"I don't think Chieko likes Mayumi."
Your TL of that is:
Your translation is good if the purpose of the lesson is to learn to use 「思う」 in the affirmative form even though the sentence in question is clearly in the negative form "I don't think".
As a Japanese sentence, it is impeccable. Its meaning is not ambiguous at all unless you say it in a situiation where talking about who Chieko likes or dislikes is clearly irrelevant. Japanese is an incredibly contexual language; Take that from a veteran native speaker.
If you wanted to use 「私は」, I would suggest you place it right in front of the verb at the end instead of at the beginning of the sentence. That would be:
It is, of course, grammatical to say:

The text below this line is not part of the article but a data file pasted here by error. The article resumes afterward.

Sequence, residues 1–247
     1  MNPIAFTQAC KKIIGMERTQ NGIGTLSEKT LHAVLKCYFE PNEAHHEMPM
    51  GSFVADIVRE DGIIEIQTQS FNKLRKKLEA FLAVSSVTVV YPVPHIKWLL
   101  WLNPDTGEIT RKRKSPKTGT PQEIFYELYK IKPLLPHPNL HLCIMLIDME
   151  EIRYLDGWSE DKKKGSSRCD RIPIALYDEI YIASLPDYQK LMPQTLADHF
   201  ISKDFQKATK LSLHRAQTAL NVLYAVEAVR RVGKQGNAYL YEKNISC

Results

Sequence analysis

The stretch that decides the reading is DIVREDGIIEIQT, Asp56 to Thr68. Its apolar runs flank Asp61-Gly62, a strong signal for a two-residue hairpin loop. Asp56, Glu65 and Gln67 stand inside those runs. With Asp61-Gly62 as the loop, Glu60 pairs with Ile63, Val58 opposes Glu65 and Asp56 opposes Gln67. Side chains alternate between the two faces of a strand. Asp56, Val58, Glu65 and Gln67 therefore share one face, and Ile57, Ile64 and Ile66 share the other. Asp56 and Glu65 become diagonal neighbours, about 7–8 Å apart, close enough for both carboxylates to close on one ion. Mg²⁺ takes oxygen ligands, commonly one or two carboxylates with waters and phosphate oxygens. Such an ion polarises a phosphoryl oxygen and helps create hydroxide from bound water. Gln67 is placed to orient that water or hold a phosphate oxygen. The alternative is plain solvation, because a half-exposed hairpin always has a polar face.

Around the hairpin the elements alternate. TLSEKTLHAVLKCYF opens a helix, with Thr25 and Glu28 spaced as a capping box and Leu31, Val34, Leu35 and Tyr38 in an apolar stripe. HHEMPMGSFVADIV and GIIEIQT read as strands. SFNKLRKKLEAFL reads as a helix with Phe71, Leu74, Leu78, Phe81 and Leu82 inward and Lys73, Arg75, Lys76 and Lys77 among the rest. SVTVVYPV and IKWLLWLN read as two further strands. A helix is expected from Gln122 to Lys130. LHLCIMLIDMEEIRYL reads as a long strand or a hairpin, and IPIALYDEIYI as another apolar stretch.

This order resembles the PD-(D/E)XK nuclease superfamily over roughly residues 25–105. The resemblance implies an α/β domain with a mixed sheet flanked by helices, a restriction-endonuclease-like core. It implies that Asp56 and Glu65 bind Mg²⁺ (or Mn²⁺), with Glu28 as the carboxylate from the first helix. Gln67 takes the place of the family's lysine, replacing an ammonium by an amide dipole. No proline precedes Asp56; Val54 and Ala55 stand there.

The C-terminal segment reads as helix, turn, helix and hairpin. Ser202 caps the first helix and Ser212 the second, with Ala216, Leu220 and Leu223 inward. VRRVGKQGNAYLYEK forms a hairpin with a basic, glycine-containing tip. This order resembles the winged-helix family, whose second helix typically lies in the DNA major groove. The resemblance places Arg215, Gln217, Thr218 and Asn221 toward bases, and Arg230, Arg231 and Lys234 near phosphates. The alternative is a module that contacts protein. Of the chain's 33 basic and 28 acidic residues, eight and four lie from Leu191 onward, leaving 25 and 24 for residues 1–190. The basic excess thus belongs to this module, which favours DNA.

Mentioning all three persons at the beginning makes it look/sound kind of crammed, which is why I used a comma after the 「私は」.
「私は」 is not required at all in Japanese though it might take time for you to get used to it.
Could it instead mean that Chieko thinks Mayumi doesn't like (something)?
Again, it could if it is said in a situation/context where the topic of the discussion is who likes or dislikes something (instead of who likes or dislikes someone), which is why I have to type the same sentence here everyday: "Japanese is a contextual language".
The exact same phrase/sentence can mean completely different things.
Finally, your sentence:
means a different thing than:
To say the former sentence, you need to have been talking about multiple people who might or might not like Mayumi. Then you are saying that out of all those people, it is Chieko who does not like Mayumi.
To say the latter, no particular context is needed. You are just saying that Chieko does not like Mayumi.
If nothing I am saying makes sense to you, do not worry too much about it now. You will get used to our particles in a few years. As if I had met someone who had mastered the particles in a few years...